Only one in five of parents, teachers and other adults say that preparing students for work should be the main goal of schools, according to the 2019 PDK Poll of the Public’s Attitudes Toward the Public Schools.
Will someone please tell our elected officials?
Candidates for Indiana governor in 2020 should put their education cards on the table when they start campaigning. That means they should announce whom they will appoint as secretary of education.
At the latest, they should do this by the time of the Republican and Democratic state conventions in June 2020. That’s when candidates for the chief state education officer would have been nominated in the past. Better yet, they should announce their choice during the campaign for the May 2020 primaries.
For most of Indiana’s history, the state superintendent of public instruction has been chosen by the voters. But this year, legislators voted to make the position one that’s appointed by the governor. They also changed its name to secretary of education.
The National Education Associated released its annual report on teacher salaries this week, and, once again, Indiana doesn’t look very good.
The average salary for an Indiana public school teacher in 2018-19 is $50,937, according to the report, compared with a national average of $61,730. In other findings:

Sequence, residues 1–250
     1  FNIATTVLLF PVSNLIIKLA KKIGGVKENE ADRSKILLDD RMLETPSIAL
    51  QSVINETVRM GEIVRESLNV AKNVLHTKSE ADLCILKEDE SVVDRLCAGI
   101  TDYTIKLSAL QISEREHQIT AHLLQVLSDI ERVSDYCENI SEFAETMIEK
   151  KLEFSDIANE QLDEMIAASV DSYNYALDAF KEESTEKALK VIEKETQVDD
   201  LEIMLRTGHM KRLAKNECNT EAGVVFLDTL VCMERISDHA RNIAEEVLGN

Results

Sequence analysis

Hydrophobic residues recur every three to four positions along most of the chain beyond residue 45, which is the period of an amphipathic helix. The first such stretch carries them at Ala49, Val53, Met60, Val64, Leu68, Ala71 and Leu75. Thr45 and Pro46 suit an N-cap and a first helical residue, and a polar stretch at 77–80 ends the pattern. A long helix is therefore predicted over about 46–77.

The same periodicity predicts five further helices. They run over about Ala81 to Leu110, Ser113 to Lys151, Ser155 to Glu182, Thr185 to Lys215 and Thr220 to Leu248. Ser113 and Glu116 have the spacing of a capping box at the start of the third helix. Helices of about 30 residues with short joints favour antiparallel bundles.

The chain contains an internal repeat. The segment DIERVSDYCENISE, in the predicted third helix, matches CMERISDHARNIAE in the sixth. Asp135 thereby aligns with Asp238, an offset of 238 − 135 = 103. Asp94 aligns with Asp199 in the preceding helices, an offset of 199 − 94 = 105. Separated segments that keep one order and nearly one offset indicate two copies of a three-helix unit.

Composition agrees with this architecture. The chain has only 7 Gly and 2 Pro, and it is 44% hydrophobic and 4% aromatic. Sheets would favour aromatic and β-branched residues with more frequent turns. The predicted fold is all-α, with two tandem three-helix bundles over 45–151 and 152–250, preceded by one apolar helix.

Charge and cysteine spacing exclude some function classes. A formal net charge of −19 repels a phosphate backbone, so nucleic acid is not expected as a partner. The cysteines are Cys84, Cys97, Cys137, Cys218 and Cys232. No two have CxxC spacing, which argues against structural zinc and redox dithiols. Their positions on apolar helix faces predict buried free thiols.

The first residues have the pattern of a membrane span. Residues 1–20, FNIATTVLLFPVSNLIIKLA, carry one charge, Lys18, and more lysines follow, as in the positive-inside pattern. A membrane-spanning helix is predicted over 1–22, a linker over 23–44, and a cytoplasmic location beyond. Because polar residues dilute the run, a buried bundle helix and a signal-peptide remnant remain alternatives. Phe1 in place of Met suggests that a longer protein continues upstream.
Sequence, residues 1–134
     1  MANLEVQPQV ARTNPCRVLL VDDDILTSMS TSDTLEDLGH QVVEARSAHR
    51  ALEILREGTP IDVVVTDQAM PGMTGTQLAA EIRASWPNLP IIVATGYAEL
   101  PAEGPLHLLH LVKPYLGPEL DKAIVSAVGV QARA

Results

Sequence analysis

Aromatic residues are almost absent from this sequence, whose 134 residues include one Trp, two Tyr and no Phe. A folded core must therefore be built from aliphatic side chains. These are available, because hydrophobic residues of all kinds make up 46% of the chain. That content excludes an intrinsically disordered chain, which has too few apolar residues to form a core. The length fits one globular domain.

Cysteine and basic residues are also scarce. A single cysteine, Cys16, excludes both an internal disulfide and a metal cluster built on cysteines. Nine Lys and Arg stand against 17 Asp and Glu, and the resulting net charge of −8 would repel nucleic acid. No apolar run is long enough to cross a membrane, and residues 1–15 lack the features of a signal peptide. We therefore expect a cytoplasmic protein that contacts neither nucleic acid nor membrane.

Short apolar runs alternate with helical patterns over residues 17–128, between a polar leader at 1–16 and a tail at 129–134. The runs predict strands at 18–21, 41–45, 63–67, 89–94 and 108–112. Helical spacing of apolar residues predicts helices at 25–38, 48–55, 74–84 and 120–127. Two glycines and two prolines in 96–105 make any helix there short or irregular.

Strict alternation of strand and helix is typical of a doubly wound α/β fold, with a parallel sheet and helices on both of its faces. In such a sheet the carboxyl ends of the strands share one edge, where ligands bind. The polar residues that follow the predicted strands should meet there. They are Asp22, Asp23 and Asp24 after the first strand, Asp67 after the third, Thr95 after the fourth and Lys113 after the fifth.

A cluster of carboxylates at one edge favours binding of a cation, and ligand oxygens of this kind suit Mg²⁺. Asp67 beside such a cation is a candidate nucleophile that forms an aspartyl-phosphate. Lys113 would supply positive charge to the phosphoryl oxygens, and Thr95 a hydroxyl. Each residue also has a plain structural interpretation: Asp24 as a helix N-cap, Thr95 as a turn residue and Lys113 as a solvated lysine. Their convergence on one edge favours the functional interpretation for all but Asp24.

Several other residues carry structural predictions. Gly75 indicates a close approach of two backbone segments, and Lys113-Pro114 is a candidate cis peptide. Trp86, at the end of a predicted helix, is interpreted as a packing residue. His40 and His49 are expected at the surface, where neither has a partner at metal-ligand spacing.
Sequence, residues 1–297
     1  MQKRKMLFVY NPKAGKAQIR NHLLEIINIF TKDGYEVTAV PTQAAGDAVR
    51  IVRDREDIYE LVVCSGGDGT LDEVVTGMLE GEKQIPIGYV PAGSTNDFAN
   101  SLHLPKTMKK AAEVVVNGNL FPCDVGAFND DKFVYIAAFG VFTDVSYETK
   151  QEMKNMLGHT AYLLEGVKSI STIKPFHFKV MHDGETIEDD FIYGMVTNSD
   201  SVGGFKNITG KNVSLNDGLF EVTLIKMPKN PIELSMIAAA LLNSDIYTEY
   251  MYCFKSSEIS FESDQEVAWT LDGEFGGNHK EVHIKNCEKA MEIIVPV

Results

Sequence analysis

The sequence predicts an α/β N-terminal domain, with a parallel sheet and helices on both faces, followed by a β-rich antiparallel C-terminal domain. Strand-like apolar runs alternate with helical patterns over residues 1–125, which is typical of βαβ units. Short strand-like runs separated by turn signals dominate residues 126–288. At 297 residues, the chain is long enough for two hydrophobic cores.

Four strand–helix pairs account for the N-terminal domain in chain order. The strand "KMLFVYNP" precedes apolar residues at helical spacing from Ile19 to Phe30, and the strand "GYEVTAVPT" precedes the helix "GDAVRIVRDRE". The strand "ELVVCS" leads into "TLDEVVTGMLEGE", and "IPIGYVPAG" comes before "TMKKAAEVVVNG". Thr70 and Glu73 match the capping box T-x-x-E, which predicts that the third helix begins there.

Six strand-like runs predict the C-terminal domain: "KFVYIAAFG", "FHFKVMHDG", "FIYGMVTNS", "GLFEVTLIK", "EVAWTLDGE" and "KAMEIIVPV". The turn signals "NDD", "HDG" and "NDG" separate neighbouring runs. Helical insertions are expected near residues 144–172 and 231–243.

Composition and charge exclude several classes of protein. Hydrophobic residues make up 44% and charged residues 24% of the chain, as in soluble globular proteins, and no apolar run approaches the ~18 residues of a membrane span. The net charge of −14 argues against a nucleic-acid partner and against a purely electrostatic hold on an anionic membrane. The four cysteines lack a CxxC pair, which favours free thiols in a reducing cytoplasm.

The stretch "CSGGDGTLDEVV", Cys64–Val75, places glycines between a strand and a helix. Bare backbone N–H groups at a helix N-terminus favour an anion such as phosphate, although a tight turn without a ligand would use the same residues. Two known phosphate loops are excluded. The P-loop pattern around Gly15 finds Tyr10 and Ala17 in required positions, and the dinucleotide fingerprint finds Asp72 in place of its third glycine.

- Indiana ranked 36th among the 50 states and the District of Columbia for average teacher salary.
- Adjusting for inflation, Indiana’s average teacher salary has declined by 12.7% in the past decade, the fourth-worst drop in the country after Washington, Michigan and Wisconsin.
- Indiana was fifth from the bottom in reported public school expenditures per student at $8,496. That compares to a national average of $12,602.
- Per-pupil spending declined by 2.6% in Indiana from the previous year, the worst drop in the country.
Gov. Eric Holcomb says he wants Indiana’s superintendent of public instruction to be appointed by the governor, not elected by the voters. It’s not the worst education proposal we’re likely to hear this legislative session. But it’s up to Holcomb to make a case for the change.
His fellow Republicans raised this idea in 2012, after Democratic Glenda Ritz upset Republican incumbent Tony Bennett in the superintendent election. The Indiana Chamber of Commerce made appointing the schools chief part of its 2014 legislative agenda. But changing the law when there was a Republican governor and a Democratic superintendent would have been a slap in the face to the voters who favored Ritz. Republicans rightly recognized that.
In November 2016, voters chose Holcomb as governor and Republican Jennifer McCormick, over Ritz, as state superintendent. According to the Indianapolis Star, House Speaker Brian Bosma will sponsor legislation that will let the governor appoint the superintendent in 2021, after McCormick’s term ends.
Indiana is one of 13 states that elect their chief state school officers, according to the National Association of State Boards of Education. In 15 states, governors appoint the schools chief. In 22, the position is appointed by the state board.